Renée Alexander CraftSteering Committee Chair, Faculty of Color and Indigenous Faculty Group
Renée Alexander Craft is a professor and director of outreach and community engagement in the communication department.
For over twenty years, Alexander Craft’s research and creative projects have centered on an Afro-Latin community located in the small coastal town of Portobelo, Panama who call themselves and their carnival performance tradition “Congo.” She has completed a manuscript, digital humanities project, and novel that reflect this focus. The first is an ethnographic monograph titled When the Devil Knocks: The Congo Tradition and the Politics of Blackness in 20th Century Panama, which was awarded the 2017 American Society of Theatre Research Errol Hill Award in recognition of outstanding scholarship in African American theatre, drama, and/or performance studies.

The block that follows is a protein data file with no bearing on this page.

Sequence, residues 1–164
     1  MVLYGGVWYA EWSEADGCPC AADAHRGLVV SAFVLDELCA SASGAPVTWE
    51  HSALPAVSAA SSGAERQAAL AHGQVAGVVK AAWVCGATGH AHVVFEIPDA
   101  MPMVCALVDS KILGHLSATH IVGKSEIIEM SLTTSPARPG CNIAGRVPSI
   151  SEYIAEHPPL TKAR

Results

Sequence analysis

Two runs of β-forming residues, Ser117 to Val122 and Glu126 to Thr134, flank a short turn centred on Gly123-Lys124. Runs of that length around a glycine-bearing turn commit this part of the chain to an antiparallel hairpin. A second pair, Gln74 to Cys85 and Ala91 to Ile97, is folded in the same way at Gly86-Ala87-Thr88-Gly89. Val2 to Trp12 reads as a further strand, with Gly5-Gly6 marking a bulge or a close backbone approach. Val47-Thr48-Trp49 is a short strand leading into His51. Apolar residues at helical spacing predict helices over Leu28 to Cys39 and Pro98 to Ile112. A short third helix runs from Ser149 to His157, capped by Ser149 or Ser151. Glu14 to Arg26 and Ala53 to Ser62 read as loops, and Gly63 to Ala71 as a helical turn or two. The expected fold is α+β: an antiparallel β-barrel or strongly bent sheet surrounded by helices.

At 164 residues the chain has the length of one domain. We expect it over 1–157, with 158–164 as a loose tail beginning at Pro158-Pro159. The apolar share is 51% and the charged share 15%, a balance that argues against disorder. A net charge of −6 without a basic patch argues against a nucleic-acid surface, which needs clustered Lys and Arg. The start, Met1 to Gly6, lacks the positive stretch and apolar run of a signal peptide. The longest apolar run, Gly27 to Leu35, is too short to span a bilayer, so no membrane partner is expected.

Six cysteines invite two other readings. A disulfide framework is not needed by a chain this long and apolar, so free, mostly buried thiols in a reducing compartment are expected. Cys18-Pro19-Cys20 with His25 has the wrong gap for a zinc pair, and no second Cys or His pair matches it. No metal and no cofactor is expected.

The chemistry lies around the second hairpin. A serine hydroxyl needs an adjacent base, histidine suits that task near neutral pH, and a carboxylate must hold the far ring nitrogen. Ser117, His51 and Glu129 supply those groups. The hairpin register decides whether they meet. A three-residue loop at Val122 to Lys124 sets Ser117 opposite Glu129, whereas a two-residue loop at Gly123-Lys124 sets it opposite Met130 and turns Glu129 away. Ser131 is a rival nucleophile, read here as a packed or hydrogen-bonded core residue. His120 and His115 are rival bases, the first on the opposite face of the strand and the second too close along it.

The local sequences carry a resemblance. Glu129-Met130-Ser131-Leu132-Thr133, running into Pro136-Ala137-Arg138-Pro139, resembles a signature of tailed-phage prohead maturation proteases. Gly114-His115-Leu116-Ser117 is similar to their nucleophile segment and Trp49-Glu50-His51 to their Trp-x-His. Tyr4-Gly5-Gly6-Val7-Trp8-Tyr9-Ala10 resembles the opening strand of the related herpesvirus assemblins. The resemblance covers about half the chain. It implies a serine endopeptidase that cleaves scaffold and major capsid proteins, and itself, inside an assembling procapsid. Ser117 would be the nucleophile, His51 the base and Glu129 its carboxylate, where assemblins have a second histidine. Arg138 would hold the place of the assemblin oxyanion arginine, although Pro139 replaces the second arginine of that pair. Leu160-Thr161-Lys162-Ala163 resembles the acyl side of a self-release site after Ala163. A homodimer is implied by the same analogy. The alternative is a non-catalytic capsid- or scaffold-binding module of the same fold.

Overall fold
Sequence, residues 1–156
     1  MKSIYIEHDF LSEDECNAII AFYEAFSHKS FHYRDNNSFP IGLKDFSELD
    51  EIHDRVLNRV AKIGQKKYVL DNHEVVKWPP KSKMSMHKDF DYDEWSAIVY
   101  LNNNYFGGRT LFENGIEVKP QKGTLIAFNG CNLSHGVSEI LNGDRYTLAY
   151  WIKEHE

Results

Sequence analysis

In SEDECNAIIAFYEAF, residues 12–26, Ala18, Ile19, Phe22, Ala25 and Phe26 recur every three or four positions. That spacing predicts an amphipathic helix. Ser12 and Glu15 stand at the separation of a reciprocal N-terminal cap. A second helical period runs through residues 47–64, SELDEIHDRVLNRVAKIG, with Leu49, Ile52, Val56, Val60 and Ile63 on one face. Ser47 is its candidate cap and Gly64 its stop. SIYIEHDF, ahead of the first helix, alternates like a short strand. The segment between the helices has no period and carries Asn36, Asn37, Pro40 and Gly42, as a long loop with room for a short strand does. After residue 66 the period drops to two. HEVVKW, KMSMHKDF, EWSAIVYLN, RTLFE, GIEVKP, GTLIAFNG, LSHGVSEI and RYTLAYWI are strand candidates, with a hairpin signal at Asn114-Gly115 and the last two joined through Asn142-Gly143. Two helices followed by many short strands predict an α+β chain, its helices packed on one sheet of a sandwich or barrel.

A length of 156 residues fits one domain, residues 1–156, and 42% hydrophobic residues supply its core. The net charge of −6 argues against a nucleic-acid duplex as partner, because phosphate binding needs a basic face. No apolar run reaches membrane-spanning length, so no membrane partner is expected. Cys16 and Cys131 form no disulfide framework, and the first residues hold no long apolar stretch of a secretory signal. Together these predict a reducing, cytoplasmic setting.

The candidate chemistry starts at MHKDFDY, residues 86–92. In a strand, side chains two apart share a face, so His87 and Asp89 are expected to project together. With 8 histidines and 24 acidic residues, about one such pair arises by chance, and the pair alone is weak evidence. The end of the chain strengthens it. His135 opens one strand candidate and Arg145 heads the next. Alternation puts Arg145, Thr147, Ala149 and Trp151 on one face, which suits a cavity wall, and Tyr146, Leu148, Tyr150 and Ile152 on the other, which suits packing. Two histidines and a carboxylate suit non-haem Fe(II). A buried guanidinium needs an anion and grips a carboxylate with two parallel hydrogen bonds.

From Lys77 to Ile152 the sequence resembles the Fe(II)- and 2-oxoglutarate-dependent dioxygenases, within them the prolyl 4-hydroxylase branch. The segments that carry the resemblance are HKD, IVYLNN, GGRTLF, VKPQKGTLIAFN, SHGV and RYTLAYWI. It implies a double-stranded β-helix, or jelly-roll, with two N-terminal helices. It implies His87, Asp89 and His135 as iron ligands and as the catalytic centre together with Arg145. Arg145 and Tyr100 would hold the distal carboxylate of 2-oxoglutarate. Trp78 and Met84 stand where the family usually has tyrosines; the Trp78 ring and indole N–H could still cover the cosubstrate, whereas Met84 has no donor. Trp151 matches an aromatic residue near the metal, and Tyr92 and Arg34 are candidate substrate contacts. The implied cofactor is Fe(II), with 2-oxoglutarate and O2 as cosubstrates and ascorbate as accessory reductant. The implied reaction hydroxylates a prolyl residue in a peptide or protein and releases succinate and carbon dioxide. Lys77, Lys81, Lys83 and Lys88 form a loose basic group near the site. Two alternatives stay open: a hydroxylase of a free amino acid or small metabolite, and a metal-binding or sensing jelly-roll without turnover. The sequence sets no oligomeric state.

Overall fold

The second project, titled Digital Portobelo: Art + Scholarship + Cultural Preservation (digitalportobelo.org), is an interactive online collection of ethnographic interviews, photos, videos, artwork, and archival material that illuminate the rich culture and history of Portobelo, Panama. Digital Portobelo was initiated through an inaugural 2013-2014 UNC Digital Innovations Lab/Institute for the Arts and Humanities Fellowship and supported by an inaugural 2016 Whiting Public Engagement Fellowship. The third is a novel titled The Part of Me That’s Mine, which was inspired by her Portobelo-based research as well as her experiences growing up in a Black funeral home family in North Carolina. The Part of Me That’s Mine is represented by Beth Marshea, owner and lead agent of The Ladderbird Literary Agency.
In addition to these Portobelo-centered projects, Alexander Craft co-edited The Routledge Companion to African American Theatre and Performancewith Kathy A. Perkins, Sandra L. Richards, and Thomas F. DeFrantz. She is currently working on an edited manuscript and digital humanities project titled “Patacones, Paint Brushes, and Power: Historicizing an African Diaspora Arts Collective at the Crossroads of the Americas.”